Meanwhile, make sure you:

  • Invest in a good-quality chair that has an adjustable seat pan, backrest and chair height. Resist the temptation to just use a dining chair at your desk or you will pay for it in the long run.
  • Find a nice wooden footstool and keep it under your desk to help keep your posture upright when doing computer work. Or put your feet flat on the ground under your desk — your knees should be level with your hips or a little lower.
  • Adjust your backrest to a slight tilt so it supports the inward curve of your lower back.
  • Install an anti-glare screen and ask your optometrist about anti-glare lenses for glasses.
  • Also clean your monitor regularly to reduce dust and smears and increase screen sharpness.

 

Featured frames

A feature wall showcasing different-sized coloured and “distressed” photo frames can create visual interest at little cost. Shop around for a range of frames to display:

  • A series of black-and-white or sepia versions of your favourite photos of family and friends. Change them from time to time.
  • Landscape shots taken from happy holidays or scenic walks, depicting everything from sunsets, seascapes and forest scenes to close-ups of moss on trees and flowers in your garden.
  • Beautiful cards. Pick them up in your travels — choose a mix including handmade and printed cards.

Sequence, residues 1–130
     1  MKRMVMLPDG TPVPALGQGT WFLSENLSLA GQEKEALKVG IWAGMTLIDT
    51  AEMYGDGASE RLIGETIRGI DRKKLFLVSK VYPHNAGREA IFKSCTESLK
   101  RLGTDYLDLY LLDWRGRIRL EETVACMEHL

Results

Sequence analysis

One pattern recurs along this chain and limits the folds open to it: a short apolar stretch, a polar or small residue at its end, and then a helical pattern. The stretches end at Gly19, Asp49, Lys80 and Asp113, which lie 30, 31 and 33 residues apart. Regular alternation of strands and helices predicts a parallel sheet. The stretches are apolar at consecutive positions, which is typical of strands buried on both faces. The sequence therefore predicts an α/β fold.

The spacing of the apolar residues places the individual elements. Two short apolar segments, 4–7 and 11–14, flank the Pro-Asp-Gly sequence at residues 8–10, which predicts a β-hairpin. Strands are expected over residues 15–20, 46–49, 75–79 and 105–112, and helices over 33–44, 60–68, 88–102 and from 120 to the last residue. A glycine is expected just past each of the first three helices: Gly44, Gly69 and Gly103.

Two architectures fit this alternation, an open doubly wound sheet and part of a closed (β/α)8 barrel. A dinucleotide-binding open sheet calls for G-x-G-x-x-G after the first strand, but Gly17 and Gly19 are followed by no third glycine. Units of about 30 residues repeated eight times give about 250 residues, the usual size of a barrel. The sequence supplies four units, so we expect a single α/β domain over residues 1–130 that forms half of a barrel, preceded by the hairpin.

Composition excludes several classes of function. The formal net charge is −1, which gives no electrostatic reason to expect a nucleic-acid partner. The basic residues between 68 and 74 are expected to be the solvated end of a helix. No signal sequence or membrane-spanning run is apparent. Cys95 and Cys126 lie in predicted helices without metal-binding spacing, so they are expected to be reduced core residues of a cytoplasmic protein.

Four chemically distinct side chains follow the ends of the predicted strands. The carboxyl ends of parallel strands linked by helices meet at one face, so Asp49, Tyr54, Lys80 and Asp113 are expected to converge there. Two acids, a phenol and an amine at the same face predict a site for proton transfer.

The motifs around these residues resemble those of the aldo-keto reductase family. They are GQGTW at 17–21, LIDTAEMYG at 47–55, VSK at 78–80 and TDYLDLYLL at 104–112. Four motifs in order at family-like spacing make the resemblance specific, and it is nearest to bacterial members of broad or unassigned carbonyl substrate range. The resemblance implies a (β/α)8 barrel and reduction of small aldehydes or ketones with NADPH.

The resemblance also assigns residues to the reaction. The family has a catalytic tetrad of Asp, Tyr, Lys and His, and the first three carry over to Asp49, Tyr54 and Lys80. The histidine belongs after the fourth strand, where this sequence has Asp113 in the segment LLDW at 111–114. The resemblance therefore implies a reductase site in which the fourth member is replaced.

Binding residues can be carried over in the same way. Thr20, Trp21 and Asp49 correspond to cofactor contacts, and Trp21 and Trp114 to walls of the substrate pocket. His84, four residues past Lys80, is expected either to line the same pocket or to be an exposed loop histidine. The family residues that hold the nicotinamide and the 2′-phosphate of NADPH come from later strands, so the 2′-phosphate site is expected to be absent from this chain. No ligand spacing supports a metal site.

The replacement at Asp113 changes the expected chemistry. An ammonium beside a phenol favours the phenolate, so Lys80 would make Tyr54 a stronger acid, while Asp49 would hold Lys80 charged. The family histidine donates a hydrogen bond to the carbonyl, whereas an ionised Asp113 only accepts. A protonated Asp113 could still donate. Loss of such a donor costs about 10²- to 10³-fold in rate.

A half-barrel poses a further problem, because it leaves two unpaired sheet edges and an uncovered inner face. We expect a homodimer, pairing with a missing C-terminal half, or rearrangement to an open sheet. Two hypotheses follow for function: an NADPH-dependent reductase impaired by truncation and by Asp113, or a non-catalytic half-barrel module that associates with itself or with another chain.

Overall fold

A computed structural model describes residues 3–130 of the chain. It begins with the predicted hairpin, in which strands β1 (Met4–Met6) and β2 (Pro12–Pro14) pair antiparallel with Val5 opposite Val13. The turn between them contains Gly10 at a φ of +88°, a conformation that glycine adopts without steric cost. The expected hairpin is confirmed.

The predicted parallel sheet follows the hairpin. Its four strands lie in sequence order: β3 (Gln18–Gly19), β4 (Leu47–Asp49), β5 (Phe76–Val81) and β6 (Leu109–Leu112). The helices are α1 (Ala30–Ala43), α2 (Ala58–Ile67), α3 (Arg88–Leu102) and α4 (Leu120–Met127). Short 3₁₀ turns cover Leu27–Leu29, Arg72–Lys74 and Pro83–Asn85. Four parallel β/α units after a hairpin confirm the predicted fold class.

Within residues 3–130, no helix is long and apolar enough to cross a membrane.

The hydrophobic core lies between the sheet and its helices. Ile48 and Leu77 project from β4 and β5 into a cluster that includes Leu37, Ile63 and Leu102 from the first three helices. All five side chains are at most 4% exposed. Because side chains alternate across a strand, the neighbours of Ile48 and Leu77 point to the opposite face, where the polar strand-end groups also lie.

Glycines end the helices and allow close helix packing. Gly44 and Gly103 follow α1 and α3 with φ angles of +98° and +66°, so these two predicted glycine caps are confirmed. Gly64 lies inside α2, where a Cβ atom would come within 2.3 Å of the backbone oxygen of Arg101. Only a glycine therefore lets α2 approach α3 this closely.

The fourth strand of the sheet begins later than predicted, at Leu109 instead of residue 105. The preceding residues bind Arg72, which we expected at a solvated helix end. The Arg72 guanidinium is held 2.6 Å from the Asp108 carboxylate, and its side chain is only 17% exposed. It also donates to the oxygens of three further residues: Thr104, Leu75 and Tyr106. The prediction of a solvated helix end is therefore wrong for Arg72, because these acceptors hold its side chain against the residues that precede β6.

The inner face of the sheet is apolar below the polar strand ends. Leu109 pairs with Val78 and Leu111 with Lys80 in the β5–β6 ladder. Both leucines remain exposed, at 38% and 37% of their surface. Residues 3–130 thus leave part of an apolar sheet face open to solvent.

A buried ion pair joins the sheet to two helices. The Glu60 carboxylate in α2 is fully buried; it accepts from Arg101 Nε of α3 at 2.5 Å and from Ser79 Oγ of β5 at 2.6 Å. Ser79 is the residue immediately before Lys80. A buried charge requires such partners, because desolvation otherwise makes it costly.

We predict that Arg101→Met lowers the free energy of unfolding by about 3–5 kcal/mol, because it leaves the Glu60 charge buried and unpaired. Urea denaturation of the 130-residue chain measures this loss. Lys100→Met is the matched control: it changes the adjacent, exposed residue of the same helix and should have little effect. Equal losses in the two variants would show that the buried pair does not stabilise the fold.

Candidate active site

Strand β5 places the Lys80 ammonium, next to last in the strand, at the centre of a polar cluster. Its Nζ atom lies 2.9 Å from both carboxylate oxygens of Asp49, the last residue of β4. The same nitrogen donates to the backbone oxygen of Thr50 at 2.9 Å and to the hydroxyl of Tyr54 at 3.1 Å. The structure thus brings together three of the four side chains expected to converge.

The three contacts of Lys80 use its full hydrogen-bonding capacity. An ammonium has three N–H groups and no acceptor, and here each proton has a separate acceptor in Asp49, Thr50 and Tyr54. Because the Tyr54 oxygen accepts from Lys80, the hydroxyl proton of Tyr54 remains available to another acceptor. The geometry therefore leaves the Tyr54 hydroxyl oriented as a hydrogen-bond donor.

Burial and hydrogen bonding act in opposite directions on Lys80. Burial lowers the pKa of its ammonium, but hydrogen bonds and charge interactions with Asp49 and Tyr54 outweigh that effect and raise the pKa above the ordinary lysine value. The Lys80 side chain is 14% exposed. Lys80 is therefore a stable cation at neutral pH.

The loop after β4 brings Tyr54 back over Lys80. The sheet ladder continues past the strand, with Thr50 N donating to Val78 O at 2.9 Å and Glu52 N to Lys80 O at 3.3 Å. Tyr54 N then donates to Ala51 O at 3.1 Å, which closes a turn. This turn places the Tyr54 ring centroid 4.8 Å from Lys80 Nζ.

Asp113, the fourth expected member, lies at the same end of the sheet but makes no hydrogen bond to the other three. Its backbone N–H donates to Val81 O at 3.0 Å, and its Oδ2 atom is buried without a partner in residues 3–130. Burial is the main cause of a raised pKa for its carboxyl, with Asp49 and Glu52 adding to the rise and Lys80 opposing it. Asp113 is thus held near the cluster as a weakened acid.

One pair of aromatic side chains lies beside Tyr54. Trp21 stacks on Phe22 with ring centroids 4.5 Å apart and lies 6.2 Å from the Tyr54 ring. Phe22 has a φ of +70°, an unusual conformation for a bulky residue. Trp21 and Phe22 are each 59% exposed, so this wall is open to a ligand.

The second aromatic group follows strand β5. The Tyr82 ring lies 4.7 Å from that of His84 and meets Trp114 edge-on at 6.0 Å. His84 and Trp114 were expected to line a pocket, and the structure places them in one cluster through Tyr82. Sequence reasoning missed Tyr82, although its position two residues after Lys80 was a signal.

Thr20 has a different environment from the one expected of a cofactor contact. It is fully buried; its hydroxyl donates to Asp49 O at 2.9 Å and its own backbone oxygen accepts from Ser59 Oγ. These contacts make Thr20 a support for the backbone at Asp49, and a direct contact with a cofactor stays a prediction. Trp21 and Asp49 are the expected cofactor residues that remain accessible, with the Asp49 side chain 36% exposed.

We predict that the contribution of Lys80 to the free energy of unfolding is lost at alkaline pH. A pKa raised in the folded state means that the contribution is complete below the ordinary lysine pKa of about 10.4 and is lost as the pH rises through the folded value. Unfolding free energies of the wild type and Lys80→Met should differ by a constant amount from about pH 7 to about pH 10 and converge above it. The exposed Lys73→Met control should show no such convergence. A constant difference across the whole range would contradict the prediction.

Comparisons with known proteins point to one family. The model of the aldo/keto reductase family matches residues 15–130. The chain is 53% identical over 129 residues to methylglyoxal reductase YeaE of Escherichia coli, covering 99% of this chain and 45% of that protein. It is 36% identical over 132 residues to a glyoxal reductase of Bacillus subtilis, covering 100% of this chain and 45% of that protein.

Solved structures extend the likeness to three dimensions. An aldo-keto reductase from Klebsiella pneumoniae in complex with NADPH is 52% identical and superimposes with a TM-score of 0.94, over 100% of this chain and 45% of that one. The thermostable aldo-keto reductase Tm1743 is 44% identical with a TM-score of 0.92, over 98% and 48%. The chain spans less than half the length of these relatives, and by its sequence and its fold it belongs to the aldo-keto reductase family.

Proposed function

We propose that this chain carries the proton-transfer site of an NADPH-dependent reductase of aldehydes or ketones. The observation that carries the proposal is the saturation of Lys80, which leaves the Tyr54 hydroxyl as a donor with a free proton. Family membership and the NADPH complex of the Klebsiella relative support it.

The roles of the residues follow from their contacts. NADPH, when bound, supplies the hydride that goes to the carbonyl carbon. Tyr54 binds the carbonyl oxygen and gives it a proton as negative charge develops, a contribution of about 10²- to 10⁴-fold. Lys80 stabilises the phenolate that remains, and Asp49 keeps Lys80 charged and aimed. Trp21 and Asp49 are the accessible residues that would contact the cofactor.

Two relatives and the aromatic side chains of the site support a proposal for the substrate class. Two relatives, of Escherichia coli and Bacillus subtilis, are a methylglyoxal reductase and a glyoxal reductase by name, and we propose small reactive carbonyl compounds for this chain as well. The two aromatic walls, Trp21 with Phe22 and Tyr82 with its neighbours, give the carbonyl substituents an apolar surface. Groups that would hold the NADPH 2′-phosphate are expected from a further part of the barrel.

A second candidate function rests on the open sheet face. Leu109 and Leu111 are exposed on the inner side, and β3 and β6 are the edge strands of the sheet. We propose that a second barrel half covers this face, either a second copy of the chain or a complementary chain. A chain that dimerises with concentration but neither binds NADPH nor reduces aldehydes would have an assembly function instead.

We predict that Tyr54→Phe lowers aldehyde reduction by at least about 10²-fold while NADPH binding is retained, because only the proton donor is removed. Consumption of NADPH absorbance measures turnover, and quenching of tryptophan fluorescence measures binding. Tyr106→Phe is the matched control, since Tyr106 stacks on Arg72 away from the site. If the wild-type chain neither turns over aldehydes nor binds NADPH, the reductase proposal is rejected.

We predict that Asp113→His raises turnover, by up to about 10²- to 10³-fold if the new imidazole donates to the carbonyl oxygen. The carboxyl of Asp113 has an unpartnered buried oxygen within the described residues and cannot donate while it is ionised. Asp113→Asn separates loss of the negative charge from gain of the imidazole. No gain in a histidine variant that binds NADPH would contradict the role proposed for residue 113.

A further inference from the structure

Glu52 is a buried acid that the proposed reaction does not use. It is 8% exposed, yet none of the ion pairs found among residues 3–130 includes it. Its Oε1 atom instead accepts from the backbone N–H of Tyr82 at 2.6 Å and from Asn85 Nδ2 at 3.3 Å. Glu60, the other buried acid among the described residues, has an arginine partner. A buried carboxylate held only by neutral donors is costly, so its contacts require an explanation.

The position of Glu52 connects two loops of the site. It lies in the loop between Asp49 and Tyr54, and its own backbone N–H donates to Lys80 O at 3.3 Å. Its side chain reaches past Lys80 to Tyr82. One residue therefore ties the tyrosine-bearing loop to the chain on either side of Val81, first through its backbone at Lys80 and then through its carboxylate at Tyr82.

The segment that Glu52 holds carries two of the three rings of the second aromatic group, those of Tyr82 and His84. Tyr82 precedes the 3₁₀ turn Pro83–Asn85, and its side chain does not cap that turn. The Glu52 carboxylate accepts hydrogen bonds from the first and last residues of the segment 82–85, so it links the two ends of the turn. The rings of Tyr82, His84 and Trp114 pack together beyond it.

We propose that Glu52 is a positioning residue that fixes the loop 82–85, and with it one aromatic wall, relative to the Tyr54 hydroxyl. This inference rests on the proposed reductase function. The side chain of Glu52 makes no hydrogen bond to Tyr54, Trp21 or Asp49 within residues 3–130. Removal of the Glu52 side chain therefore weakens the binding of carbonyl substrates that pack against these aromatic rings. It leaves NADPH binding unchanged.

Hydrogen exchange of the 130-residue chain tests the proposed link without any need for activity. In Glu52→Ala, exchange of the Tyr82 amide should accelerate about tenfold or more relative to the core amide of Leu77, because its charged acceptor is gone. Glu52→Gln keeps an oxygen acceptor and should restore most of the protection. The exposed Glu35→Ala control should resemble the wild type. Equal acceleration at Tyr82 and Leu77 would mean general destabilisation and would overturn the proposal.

• Postcards from art galleries. Frame them and enjoy an instant eye-catching collection of artworks and art styles you love.

 

Functional finishing touches

Forget old grey metal filing cabinets and plastic bins. Make your office an appealing space by choosing eye-catching office storage supplies and storage strategies such as:

  • Appealing boxes and folders. Look for office storage boxes, organisers and upright files in bright colours or pretty designs.
  • Go for colourful staples, tape dispensers, paper clips, penholders and display or storage folders.
  • Message boards. Blackboards with colourful chalk, whiteboards with colourful felt pens and corkboards with colourful drawing pins can be great for brainstorming ideas, listing important upcoming dates/events and displaying the month or day ahead.
  • Small baskets, pouches or mesh storage boxes fastened to the inside back of under-desk cupboards or walls to save space.

Contributor

author

Stephanie Osfield is an award-winning freelance health journalist. She is an advocate of nutritional medicine and specialises in all aspects of health, from exercise and disease prevention to stress, depression and women’s health issues.